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Canada's first official statistician was Jean Talon, who was born in 1625 in Champagne, France. Talon arrived in North America in 1665 on a mission from King Louis XIV and his finance minister, Jean-Baptiste Colbert. France had taken back control of the colony from the private Company of One Hundred Associates in 1663, and Louis now wanted to measure the progress made in his colony.
As Intendant of Justice, Police, and Finance, Talon's tasks were to stimulate the economic expansion of New France, increase the colony's self-sufficiency and bring order to its financial administration. He was a man of enthusiasm and vision, and although he ranked below the Governor, he soon became the real manager of the colony. Talon served two terms: from 1665 to 1668, then from 1670 to 1672.
On his arrival in the colony, Talon faced challenges. Scurvy, smallpox, and other diseases were killing many European settlers. Confrontations were common between European settlers and aboriginal peoples, some of whom saw the newcomers as intruders. And the harsh climate could make even basic survival a struggle. Yet during Talon's time in the colony, the population of New France climbed from 3,200 to 7,600.
Talon began his administrative appointment by taking stock of the colony. This included a systematic census in the winter of 1665–66.
He conducted his census by counting people where they normally reside. And he did much of the enumeration himself, going door-to-door. Talon's census recorded everyone in the colony by name and included age, occupation, marital status, and relationship to the head of the family in which they lived. The census also measured the wealth of industry and agriculture, the value of local lumber and mineral resources, and the number of domestic animals, seigneuries, government buildings and churches.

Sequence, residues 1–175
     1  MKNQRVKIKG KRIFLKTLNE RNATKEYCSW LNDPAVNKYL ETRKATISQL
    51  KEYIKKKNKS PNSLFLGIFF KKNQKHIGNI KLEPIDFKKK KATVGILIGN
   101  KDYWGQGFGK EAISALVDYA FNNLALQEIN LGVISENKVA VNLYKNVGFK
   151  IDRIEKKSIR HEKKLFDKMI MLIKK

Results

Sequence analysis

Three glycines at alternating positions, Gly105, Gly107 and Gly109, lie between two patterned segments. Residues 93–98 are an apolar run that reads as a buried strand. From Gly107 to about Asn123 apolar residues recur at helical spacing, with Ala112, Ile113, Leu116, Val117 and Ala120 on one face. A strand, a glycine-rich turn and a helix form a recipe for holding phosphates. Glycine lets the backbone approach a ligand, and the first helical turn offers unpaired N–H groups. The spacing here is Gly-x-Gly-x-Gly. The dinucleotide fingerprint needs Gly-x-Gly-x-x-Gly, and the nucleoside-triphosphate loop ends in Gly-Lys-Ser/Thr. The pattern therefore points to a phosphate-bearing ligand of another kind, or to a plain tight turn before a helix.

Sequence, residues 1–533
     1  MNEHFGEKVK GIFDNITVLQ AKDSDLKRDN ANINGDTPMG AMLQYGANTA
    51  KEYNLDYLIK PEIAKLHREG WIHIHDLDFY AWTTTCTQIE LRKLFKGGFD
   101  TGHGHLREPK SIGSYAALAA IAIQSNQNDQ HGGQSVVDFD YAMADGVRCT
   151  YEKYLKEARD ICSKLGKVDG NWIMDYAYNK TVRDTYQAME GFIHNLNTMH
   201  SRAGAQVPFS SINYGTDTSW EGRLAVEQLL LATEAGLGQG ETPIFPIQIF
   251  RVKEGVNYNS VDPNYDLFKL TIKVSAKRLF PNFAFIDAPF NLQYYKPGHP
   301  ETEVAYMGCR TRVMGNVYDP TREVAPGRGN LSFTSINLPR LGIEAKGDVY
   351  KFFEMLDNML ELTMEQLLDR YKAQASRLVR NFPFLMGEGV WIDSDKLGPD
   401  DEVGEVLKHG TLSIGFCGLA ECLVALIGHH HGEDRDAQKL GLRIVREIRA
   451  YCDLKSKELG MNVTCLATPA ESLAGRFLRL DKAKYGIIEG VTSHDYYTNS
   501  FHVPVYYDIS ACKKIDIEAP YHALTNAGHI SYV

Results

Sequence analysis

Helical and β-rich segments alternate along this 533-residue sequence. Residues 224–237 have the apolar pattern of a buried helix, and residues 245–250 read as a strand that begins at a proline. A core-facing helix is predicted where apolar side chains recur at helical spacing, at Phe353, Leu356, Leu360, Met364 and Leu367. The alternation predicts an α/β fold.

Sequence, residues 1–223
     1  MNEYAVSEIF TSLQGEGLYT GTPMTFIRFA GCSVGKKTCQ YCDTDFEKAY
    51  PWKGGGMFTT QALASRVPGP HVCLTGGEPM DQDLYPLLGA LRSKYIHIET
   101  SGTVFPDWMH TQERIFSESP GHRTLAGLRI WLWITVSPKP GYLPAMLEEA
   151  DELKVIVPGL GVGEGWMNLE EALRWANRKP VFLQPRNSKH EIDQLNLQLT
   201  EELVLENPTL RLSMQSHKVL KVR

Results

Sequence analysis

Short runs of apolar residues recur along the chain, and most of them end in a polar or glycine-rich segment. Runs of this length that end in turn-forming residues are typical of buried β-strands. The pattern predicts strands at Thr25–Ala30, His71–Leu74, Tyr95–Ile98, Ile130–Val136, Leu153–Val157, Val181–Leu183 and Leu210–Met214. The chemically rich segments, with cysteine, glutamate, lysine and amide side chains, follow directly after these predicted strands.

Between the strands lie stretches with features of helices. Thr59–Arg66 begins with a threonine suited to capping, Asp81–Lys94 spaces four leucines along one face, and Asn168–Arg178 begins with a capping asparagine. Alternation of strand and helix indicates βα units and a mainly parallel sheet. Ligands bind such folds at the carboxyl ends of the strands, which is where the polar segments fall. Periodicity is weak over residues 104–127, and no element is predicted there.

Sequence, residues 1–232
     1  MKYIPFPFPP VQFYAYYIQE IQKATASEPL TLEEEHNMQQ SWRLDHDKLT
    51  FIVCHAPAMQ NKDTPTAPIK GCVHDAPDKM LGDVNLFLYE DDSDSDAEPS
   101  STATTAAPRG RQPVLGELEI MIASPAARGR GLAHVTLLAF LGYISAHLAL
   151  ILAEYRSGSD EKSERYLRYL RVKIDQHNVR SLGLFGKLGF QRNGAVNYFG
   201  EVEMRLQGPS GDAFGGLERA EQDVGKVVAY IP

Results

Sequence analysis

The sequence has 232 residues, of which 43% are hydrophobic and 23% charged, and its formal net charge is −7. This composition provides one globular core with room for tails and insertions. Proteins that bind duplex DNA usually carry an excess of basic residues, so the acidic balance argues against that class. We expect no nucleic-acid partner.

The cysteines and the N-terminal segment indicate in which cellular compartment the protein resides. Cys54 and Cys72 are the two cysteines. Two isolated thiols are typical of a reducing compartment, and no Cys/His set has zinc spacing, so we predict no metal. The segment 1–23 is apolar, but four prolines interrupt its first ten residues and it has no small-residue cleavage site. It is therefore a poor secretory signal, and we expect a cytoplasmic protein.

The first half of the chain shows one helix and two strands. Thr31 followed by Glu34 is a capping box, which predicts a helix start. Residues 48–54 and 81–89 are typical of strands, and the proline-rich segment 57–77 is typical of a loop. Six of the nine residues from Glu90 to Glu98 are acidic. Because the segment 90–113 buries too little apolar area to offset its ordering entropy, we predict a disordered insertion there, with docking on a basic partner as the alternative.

The census enumerated 3,215 inhabitants of European descent — 2,034 men and 1,181 women. Among these were 3 notaries, 3 schoolmasters, 3 locksmiths, 4 bailiffs, 5 surgeons, 5 bakers, 8 barrel makers, 9 millers, 18 merchants, 27 joiners, and 36 carpenters. The colony consisted of 3 major settlements, inhabited by 528 families. Québec had a population of more than 2,100 people, Montréal had 635, and Trois-Rivières had 455.
After collecting his statistics, Talon put them to work. He was responsible for everything from taxes and health, to bridge building and chimney sweeping. His influence touched every facet of government and of the day-to-day lives of colonists. He used knowledge gained from the census to develop the colony in many directions.
You are Jean Talon, it is 1666 and you have just completed a Census of the settlement in New France. Review the table assigned to your group and prepare a presentation for the King of France. Your presentation should cover the following items:
The King of France, Louis XIV, is always pressed for time. Keep your presentation under 10 minutes, using graphs and images to emphasize the important points of your presentation.